Mental health challenges are on the rise — a serious concern of health-care professionals around the world.
A report from the American Psychological Association (APA) found that while only 69% of Americans reported feeling stress in 2018, nearly 85% now say they are feeling generalized anxiety.
In April alone, about 20,000 people texted a hotline run by the Substance Abuse and Mental Health Services Administration, a federal agency for people in emotional distress. That’s a 1,000% increase.
It’s a growing trend amid, particularly when seeing someone in-person is a challenge.
Enter Kendall Bird, CEO of Frame, a company helping match therapists and prospective clients.
Bird, who previously worked in technology at both YouTube and Snapchat, has been in therapy for more than 15 years. When she relocated from New York to Los Angeles, she had to change therapists, and finding one was no easy task. Bird said it took her 8 months and about $1,000 to find the right therapist, with little help from her insurance company.
That sparked an idea for a business. Bird reconnected with an old friend, a social worker who was just getting her practice off the ground, and the two hatched Frame, taking a page from dating sites.
Frame users start out by taking an online questionnaire. “There’s only 10 questions,” Bird says. “You get six options of therapists. And we make sure that we get the right types of matches in front of you,” she said.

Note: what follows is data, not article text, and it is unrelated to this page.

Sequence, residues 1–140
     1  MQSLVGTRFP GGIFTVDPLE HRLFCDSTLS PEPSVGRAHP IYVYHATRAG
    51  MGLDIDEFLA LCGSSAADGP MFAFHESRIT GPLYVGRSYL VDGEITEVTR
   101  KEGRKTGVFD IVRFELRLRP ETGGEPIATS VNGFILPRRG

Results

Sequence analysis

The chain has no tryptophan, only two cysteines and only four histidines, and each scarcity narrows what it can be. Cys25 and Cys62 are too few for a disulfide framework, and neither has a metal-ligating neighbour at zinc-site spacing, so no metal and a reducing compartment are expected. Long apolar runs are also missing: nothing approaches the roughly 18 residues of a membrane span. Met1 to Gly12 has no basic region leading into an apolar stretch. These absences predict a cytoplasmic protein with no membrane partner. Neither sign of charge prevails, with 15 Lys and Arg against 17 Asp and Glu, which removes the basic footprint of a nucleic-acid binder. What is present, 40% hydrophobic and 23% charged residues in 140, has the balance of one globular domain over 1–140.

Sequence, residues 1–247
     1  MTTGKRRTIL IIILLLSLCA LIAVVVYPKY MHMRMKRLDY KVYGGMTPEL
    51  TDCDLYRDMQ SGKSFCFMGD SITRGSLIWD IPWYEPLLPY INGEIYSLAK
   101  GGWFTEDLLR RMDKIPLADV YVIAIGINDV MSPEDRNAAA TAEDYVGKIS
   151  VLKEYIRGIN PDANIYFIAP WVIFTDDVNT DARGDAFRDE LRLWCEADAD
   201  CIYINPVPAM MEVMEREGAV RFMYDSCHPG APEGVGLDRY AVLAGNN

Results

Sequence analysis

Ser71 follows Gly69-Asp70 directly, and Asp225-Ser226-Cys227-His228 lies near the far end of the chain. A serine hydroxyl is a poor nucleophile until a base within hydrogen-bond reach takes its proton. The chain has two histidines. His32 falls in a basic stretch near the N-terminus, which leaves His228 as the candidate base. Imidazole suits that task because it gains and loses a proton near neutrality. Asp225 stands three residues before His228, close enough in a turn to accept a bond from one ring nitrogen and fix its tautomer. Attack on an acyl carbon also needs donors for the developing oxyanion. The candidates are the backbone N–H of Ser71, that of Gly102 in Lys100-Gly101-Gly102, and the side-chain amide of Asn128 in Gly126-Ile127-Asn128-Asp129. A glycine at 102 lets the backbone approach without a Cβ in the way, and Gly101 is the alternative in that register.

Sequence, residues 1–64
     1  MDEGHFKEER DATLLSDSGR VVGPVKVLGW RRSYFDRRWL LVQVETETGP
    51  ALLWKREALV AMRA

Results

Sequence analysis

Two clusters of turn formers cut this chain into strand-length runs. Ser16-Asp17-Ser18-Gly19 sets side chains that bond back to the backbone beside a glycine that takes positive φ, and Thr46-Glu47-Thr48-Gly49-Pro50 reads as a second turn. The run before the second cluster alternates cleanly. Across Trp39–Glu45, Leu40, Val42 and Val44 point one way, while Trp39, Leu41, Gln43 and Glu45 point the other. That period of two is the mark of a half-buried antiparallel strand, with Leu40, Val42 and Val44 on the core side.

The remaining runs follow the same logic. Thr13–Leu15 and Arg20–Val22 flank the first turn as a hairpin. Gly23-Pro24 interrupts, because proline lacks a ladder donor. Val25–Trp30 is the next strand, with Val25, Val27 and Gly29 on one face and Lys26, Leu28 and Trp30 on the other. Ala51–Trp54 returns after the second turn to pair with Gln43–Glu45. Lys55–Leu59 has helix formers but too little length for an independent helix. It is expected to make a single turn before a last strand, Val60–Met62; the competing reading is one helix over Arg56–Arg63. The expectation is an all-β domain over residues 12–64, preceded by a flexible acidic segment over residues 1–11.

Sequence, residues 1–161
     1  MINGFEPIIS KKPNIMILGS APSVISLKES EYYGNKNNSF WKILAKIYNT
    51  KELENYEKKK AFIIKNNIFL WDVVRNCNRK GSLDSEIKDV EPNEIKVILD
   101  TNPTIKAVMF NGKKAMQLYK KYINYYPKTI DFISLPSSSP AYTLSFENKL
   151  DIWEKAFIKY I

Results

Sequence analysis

“We facilitate free intro calls,” she said. “Our users typically call two to three therapists … You get to talk it out and make sure it’s the right fit for you so that you feel comfortable. And then you can make your decision.”
Users pay a fee for the matching service, though Frame also has free offerings, which include digital discussions and live-streamed therapy sessions. Therapists pay a monthly fee to be a part of the service. In addition to the matching platform, Frame provides HIPAA compliant tele-health services, payment processing, and bill management.
“There’s also been a lot of amazing outcomes that have come out of this surge of telehealth,” said Bird. “And that is … giving more people access. There are so many rural towns … where there is not even one therapist there. And so now, now that all therapists are adopting telehealth, I think there’s going to be huge surge in access to services.”
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